Weapons of War at Penn’s Colony


Bagpipes in morning sun rise at Penn’s Colony.

SAXONBURG, BUTLER COUNTY (Sept. 25, 2015) – The stirring harmony of bagpipes will open the festivities Saturday at the annual festival that commemorates the region’s early American history of the 1750s. The act of playing the bagpipe was banned in Scotland after the Battle of Culloden in 1745, when it was classified as an instrument of war by the British court. However, a decade later, the ban was lifted when the British enlisted the Scots to fight for the British Empire during the French & Indian War which had its flashpoint in western Pennsylvania.

This is one of the many quirky, yet important facts of our Pittsburgh history that one discovers at the 32-year-old Penn’s Colony Festival which continues this Saturday and Sunday, Route 228 Saxonburg, just north of Pittsburgh.

The festival weaves French & Indian War era (1754-1760) history through a recreated colonial marketplace of 185 craftsmen in the midst of “PublickTymes,” an 18th century community harvest-time celebration of dancing, galas, theatre and shopping. This year’s festival features Irish and Scottish music, Bagpipes and Drums and 18th century Circus and Magic shows and continuous activities in the 18th century living history encampments and throughout the festival village.

.Penn’s Colony also spotlights another aspect of American history – quality hand craftsmanship. “The village marketplace presents handmade artisan quality wares from local resources which are the top trending concerns, said spokesperson Beth Rush. Not only do Penn’s Colony artisans compare their handwork to any imported item, most of them offer a lifetime guarantee.”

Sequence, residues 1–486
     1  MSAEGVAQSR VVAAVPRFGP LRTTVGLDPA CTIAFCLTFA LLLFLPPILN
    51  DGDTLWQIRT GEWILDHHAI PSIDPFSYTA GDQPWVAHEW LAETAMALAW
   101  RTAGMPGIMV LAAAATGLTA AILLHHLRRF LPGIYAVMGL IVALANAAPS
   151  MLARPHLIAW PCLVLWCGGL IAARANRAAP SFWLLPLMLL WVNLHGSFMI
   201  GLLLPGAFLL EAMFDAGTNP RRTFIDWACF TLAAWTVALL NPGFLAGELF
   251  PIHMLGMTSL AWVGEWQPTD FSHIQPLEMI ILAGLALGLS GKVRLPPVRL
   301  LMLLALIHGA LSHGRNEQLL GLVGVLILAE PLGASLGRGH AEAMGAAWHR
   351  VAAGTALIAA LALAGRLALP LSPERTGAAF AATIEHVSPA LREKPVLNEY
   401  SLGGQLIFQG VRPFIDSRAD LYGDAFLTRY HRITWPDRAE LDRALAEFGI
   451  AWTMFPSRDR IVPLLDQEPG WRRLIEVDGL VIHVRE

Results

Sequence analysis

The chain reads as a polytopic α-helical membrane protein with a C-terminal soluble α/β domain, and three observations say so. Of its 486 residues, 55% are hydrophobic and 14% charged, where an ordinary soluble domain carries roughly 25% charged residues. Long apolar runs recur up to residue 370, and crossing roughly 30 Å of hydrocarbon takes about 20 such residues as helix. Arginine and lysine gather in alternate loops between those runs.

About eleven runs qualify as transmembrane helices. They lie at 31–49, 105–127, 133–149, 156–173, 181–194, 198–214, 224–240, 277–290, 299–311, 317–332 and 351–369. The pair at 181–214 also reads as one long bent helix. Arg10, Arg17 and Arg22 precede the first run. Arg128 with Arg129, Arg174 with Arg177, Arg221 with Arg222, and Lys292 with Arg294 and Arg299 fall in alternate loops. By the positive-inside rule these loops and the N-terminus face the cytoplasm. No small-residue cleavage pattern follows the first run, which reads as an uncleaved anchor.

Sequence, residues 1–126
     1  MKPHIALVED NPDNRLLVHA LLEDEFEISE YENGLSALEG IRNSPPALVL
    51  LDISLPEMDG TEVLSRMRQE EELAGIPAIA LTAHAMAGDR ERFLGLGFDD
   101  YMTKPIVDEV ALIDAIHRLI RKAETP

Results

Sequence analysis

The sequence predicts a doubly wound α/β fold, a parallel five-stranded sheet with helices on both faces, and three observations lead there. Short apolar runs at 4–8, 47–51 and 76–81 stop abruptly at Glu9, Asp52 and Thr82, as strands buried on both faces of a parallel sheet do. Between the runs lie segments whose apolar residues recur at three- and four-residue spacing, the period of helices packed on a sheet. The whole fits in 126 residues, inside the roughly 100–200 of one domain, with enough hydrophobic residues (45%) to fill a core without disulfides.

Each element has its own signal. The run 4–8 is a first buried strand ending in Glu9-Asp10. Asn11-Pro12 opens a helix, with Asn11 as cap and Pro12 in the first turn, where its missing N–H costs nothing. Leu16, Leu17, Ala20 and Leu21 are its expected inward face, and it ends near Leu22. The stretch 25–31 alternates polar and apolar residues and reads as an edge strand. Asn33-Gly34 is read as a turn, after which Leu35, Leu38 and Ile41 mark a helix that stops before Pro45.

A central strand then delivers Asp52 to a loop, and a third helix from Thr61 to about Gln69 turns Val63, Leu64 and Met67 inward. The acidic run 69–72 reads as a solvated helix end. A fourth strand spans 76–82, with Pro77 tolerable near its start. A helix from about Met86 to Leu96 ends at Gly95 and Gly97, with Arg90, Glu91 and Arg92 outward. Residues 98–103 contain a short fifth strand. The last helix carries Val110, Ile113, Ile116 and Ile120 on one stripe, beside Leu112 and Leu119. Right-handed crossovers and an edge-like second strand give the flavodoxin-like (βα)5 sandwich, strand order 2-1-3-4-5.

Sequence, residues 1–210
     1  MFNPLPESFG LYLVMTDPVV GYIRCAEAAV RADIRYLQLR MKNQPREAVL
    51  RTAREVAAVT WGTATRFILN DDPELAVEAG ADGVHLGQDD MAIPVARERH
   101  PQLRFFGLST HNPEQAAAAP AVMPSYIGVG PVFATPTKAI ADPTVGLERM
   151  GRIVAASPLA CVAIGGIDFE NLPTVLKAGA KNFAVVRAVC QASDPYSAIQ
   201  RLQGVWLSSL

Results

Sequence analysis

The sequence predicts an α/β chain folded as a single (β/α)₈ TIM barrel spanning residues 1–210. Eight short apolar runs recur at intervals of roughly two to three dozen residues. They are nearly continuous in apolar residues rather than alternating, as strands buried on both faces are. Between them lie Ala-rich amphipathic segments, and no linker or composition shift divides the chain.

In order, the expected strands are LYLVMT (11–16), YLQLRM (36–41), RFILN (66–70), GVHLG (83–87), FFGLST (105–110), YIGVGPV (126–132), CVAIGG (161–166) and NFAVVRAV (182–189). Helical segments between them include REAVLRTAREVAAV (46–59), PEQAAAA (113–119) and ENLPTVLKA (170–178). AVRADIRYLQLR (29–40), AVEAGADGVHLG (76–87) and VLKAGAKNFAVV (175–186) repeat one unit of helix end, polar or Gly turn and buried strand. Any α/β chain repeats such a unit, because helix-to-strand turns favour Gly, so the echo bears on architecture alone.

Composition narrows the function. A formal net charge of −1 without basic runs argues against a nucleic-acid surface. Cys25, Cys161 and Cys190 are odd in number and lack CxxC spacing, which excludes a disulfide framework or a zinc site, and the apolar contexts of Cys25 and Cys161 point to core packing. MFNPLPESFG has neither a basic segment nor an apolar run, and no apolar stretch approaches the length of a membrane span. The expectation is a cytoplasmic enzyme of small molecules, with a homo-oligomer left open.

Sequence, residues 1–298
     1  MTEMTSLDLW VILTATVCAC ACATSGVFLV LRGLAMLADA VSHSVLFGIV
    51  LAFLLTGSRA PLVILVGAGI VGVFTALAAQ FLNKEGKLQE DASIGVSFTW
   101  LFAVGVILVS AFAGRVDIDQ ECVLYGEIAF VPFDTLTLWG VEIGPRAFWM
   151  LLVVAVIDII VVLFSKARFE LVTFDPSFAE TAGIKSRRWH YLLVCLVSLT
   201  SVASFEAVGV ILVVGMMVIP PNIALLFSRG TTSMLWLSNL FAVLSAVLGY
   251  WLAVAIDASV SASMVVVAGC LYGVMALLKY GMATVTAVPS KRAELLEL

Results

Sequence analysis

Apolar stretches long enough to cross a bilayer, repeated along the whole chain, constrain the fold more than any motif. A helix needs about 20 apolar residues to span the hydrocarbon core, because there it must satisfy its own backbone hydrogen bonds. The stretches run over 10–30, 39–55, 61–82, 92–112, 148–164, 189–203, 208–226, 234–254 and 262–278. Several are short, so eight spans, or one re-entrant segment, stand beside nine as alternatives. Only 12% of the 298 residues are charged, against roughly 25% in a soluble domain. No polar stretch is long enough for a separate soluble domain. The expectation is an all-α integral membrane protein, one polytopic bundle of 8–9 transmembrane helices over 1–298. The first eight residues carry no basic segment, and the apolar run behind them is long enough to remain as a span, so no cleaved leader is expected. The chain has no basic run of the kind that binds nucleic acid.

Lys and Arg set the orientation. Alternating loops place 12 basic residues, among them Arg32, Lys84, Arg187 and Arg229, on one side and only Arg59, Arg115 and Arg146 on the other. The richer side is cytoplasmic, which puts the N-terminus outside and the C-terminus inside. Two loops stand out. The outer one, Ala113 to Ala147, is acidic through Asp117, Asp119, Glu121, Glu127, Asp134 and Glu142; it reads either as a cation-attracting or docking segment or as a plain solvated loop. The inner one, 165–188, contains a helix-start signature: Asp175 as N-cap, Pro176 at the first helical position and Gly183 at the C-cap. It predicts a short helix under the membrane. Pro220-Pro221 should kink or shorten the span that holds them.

Eighteenth century living history adds French Calvary, and French Artillery to the French, British and Scottish re-enactor groups who present French and Indian era events with battle re-enactments.

There also will be horse-drawn surrey rides, food booths, participation activities with sing-a-longs and magic acts, and demonstrations of various trade and home crafts such as blacksmithing, carving, needle arts, silversmithing, and glass-blowing.

Rain or shine, the family-oriented event will be held September 26, 27 on the easy walking, tree-lined grounds of Penn’s Colony Village, 365 Saxonburg Blvd., Saxonburg, Butler County. Hours are 10 a.m. to 6 p.m. Saturdays, 10 a.m. to 5 p.m. Sundays.

Ticket cost is $8 for adults (ages 16-59); $6 seniors (age 60 and over); $5 children (ages 8-15); free for children age 7 and younger. For directions, ticket prices and festival overview, visit www.pennscolony.com. For questions, send email to [email protected] or call 724-352-9922

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